Priit Tohver in North Africa
Volunteering “Post revolution” project in North Africa
My name is Priit Tohver I am a student of history and international relations from Estonia currently residing in Sfax, Tunisia. When what is now dubbed the Arab Spring first broke out at the end of last year, I didn’t know a single thing about modern day Egypt or Tunisia aside from what I’d heard from tourists. I only heard about the Tunisian revolution after the fact, but given its opportune timing, found myself completely gripped by the Egyptian one. On the 28th of January I happened upon an Al Jazeera live feed from Tahrir Square, which ultimately is the reason I am here today. From late January until the early days of April, I was there, all day every day, watching the Arab revolutions as they unfolded. Hence when I saw the advert in June inviting me to “discover the world”, and when what little charm and spirit I could muster landed me an opportunity to go on foreign exchange, I of course saw in it the opportunity to finally be there, physically as well as mentally, where so much of what had inspired me in the past six months had taken place. And within a few days of searching I found myself accepted to participate in the Let’s Dream project, to deal with various issues in the post-revolutionary states of Egypt and Tunisia.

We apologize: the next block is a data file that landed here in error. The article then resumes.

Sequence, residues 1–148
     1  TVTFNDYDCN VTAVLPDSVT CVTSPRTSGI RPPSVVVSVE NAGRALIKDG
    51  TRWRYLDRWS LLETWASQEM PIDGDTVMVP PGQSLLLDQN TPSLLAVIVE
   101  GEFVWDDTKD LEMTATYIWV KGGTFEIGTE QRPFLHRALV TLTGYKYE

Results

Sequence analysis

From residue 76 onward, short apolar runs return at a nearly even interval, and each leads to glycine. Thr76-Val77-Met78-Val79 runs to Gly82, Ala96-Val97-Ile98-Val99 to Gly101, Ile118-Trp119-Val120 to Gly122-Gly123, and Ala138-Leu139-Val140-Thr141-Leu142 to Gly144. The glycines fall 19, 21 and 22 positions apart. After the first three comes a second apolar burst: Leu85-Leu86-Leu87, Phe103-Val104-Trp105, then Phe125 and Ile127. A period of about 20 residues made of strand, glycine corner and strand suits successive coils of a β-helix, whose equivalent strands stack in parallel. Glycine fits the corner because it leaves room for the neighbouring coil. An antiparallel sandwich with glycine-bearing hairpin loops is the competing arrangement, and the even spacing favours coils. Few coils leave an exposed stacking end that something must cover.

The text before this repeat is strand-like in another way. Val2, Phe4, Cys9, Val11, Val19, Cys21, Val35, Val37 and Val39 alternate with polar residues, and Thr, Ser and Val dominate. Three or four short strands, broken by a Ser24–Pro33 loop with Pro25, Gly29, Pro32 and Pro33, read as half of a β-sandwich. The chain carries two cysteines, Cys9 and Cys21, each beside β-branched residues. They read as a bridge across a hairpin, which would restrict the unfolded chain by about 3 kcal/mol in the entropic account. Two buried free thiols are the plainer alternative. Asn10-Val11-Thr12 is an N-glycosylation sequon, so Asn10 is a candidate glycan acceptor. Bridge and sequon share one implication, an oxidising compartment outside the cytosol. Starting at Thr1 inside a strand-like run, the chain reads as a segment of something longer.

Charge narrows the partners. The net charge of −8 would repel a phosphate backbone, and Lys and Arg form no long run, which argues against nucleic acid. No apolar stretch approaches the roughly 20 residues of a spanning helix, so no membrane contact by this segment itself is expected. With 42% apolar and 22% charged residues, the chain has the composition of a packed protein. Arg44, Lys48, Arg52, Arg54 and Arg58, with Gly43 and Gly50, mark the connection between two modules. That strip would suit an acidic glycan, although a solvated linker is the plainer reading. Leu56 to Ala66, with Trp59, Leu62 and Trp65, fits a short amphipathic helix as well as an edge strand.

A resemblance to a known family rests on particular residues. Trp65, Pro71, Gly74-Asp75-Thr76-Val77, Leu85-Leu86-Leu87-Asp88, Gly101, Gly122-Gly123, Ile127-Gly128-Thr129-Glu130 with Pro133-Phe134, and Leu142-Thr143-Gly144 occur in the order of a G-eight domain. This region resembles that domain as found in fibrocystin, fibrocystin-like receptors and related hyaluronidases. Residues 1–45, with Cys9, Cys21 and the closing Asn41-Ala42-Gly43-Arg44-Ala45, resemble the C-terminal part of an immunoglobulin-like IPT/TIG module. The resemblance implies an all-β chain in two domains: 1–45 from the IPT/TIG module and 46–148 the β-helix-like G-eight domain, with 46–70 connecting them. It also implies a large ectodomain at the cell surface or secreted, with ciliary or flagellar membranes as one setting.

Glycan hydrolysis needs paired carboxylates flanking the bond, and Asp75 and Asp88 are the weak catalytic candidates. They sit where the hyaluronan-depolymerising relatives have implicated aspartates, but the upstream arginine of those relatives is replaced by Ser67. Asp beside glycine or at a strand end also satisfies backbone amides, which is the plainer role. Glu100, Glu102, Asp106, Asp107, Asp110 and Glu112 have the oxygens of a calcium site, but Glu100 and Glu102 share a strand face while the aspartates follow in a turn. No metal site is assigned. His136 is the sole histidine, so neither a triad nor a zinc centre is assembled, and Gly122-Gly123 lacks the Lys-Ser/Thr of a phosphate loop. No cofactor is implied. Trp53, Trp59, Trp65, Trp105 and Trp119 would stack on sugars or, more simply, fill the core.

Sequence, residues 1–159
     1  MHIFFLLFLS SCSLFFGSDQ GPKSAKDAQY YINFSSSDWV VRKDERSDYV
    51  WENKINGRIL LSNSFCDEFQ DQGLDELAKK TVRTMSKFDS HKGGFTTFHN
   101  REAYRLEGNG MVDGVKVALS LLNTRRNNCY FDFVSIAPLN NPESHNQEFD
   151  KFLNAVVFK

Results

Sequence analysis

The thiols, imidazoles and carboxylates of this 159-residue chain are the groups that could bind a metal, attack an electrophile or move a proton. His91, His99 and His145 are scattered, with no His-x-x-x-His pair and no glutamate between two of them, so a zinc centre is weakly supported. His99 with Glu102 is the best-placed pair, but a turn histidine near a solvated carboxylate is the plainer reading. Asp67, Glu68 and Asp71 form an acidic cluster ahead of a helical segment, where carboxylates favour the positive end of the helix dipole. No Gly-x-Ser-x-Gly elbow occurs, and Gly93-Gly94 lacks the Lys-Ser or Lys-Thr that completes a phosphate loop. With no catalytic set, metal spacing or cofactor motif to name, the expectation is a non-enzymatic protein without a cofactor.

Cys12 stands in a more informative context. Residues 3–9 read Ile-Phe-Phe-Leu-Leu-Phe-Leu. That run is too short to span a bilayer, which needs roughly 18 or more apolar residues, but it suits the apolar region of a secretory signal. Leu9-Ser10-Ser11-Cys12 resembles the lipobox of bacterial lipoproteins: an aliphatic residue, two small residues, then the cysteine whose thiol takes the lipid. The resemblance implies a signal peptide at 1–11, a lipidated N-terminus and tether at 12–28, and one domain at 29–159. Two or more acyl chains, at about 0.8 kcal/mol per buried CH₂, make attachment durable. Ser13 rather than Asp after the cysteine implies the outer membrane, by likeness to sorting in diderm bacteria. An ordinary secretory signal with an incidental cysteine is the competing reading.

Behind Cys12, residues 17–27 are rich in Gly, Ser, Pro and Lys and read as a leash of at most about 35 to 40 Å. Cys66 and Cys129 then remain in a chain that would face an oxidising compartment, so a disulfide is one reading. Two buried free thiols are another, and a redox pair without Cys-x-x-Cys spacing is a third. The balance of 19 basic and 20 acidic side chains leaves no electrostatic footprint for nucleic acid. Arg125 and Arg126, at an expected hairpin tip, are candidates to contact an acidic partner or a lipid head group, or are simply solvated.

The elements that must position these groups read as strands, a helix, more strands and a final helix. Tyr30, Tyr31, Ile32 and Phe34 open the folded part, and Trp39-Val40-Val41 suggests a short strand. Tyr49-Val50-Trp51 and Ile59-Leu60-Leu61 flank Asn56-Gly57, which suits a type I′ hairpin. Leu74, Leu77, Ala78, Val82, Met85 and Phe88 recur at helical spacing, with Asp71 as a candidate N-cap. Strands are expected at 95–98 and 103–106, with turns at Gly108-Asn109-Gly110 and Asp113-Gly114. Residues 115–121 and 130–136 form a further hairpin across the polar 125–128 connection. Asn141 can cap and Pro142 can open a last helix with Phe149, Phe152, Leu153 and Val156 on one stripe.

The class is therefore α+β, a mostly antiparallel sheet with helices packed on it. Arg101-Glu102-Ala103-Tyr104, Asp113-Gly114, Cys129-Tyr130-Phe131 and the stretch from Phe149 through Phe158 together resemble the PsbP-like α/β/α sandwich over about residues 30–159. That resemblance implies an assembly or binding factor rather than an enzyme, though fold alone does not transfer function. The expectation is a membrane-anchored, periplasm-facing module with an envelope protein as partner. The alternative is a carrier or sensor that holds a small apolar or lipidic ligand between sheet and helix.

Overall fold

So far it’s been an interesting ride. I’ve given soft skills workshops to youths in Egypt, whose unyielding enthusiasm for something as simple as a team building exercise was a wonderful surprise to me, and I’ve participated in discussions related to the revolutions, which have unveiled to me the power lines of a state in flux. I’ve also had the opportunity to see and experience the inexhaustible wealth of culture in the two Maghreb countries, but most importantly for me, I’ve been to Tahrir Square.
Given the slight security risk, the Egyptian LC couldn’t arrange for any activities in the world renowned square, where protests had once again erupted at the beginning of July, but that didn’t in any way stop me from going there on my own initiative. Because an exchange really is what you make of it, and for me, it was all about seeing the ongoing revolution. I was there nearly every day talking to the protesters, providing them with water and gathering their views. I saw everything which I had thus far only seen on television from the infamous Qasr al-Nil bridge to the medical centre, which had saved so many lives during the hectic winter events. And in that, what had thus far only been a dream or a digital apparition had suddenly become a reality, the memory of which I can cherish for the rest of my life, and I am deeply grateful for having had the opportunity to make it happen.